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Ten Years' Captivity in the Mahdi's Camp 1882-1892

The mahdi's triumphal entry into el obeid


those who escaped was a man named Abderrahman Ben en Naga Bey, whose father, then in El Obeid, had entreated the Mahdi to spare him. A few days before the catastrophe he was found writing letters to Omar Wad Elias Pasha, then with Abdel Halim's force; in consequence he and his men had been put in irons, and it was Ala ed Din Pasha's intention to execute him; but Hicks would not allow it, saying that he would be fairly tried after El Obeid was captured. Ben en Naga was in the thickest of the fight, and had already lost an eye, when his father's slaves succeeded in reaching him and saving his life.


The Mahdi and his followers were greatly delighted, for they had not calculated on such a complete victory, and a messenger was at once despatched to El Obeid to order a salute of one hundred guns to be fired.

It was early on Tuesday morning, the 6th of November, that the thunder of the guns was heard in the camp, and our alarm at this terrible news can well be understood. Our bright hopes, which enabled us to support a wretched existence for more than a year, were rudely dashed to the ground. We now gave up all idea of the Government sending a second expedition. It was clear that Khartum must look to its own safety, and as the Mahdi had in the first instance gained

possession of Kordofan through his victory over Yusef Pasha Esh Shellali, so now his annihilation of General Hicks's force placed almost the entire Sudan in his hands.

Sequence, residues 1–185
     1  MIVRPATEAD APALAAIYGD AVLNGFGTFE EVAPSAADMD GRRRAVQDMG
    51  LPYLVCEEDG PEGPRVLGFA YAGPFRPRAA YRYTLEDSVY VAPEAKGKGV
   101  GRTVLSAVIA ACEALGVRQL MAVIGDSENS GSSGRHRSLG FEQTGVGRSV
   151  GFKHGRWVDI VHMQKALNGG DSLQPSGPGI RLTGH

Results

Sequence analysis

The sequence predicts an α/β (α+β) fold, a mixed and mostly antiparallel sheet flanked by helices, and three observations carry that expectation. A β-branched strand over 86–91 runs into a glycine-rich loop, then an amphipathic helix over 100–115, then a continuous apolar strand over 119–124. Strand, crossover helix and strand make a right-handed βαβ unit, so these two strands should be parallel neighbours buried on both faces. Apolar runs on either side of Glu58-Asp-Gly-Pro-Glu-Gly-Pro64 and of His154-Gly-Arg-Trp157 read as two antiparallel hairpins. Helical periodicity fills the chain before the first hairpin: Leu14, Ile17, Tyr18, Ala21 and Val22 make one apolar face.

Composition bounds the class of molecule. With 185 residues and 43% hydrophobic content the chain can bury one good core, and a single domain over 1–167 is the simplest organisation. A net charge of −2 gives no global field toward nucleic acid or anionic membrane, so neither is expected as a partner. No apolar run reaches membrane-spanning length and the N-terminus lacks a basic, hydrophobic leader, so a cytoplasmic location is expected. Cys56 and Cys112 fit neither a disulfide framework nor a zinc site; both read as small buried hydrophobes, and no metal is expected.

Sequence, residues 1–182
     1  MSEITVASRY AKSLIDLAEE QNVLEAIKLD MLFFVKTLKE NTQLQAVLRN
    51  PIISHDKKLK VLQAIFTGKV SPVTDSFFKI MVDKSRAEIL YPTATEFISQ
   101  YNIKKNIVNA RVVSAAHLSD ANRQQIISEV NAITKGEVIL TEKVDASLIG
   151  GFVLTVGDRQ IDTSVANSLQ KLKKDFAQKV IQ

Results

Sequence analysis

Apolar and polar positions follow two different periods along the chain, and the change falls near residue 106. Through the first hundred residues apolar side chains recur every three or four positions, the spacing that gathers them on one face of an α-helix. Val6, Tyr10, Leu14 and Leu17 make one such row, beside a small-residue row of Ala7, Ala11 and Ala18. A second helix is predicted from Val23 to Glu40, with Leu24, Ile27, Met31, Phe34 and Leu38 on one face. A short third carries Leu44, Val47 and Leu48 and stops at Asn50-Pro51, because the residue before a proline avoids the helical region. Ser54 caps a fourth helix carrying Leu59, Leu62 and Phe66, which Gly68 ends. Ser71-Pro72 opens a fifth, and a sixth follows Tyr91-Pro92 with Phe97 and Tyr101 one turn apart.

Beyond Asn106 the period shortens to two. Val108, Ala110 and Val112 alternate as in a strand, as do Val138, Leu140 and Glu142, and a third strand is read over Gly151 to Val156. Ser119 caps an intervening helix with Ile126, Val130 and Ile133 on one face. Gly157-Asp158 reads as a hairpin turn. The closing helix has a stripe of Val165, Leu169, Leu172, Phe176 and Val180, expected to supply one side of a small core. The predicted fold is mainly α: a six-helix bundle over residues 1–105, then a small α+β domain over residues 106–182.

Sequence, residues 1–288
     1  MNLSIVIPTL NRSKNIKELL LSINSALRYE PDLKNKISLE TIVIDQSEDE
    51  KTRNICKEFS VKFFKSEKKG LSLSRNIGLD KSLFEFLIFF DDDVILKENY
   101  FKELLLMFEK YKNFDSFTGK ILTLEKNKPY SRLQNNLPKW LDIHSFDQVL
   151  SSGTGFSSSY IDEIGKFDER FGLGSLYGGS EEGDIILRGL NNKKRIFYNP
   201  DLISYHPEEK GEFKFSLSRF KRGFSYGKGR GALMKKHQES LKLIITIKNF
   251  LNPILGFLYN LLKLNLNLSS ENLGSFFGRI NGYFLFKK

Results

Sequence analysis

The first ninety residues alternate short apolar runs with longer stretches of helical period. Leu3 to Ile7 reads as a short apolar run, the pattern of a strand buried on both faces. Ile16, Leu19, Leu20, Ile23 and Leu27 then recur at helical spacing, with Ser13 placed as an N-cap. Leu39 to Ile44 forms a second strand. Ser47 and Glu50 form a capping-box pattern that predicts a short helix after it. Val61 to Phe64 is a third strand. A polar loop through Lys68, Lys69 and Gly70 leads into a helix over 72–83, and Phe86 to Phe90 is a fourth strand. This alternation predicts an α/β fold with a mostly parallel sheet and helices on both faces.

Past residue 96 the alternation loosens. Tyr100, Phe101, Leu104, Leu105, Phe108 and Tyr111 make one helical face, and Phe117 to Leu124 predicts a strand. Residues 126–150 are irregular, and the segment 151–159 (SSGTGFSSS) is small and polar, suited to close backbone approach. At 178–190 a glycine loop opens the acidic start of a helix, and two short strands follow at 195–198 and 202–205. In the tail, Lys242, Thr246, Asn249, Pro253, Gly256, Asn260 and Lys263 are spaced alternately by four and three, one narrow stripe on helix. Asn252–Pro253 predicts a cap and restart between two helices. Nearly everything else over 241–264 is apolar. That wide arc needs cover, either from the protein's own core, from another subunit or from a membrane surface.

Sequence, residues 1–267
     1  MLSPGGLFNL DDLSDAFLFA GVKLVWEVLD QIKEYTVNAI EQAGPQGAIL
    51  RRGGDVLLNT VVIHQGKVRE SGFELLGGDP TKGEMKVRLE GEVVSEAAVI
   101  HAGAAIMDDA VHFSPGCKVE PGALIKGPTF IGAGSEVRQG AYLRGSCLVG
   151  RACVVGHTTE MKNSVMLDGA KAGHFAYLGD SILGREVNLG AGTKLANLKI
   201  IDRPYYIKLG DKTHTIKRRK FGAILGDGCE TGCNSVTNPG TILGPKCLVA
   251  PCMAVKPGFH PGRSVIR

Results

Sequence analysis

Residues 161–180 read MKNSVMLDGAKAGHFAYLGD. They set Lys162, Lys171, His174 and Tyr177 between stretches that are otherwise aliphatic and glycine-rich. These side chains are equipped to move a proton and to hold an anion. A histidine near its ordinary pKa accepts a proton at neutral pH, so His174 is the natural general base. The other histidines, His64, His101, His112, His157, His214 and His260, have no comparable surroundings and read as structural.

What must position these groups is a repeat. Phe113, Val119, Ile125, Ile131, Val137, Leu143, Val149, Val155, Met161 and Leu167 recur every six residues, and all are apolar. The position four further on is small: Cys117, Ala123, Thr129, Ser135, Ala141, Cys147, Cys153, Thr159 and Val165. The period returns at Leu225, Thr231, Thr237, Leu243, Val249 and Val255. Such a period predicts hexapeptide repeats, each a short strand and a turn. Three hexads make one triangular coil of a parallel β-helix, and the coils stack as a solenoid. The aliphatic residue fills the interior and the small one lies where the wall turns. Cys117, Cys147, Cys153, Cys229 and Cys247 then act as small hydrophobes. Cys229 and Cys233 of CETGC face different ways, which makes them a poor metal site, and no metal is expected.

Fall of Darfur--Slatin surrenders--The Mahdi's divinity credited after the annihilation of Hicks--King Adam of Tagalla--Stambuli's kindness to the European captives--Gordon writes to the Mahdi--Power's letter--The sisters seized and distributed amongst the emirs--They are tortured--The missionaries turned into slaves--The terrible journey to Rahad--The Greeks come to the help of the sisters--The proclamation concerning the treatment of priests and hermits by Mohammedans--The Mahdi at Rahad--Ohrwalder's interviews with the Mahdi concerning religion--The Dervishes attack the Nubas.

The Mahdi remained seven days with his entire force at Birket, so as to collect families and stragglers and to take possession of the loot which the greedy Arabs had seized and refused to give up. Several of the latter were flogged, and seven slaves belonging to the Mahdi's uncle, Sayid Mohammed Taha, suffered the loss of a hand and a foot because they had kept for themselves some of the Mahdi's booty.

The loot referred to consisted of war material, such as Krupp guns, machine guns, and Remington rifles, besides a number of axes, pickaxes, and shovels, which were required for making zaribas; a quantity of money, watches, and clothing, was also included, and the whole was carried off to the beit el mal.

Some of the dead bodies were secretly set fire to, so as to make the ignorant people think that these unbelievers were being consumed by hell-fire. General Hicks's white horse was handed over to Klootz with orders to cure the wound in its back.

At length the pestilential smell of thousands of dead bodies of men and animals drove the conquerors forward. The Mahdi's entry into El Obeid was a scene of wild enthusiasm and excitement. The many-coloured flags came first, then followed thousands upon thousands of Dervishes moving to the ever-swelling murmur of "La Ilaha il'lallah" ("There is no god but God"), whilst others danced out of the ranks and shook their blood-bespotted spears, uttering fearful yells. After them followed the cavalry with the three Khalifas. Every now and then a halt was made, when a number of riders would dash forward at full gallop, poising their lances ready for the thrust, and then would return to the ranks amidst the loud applause of the others.

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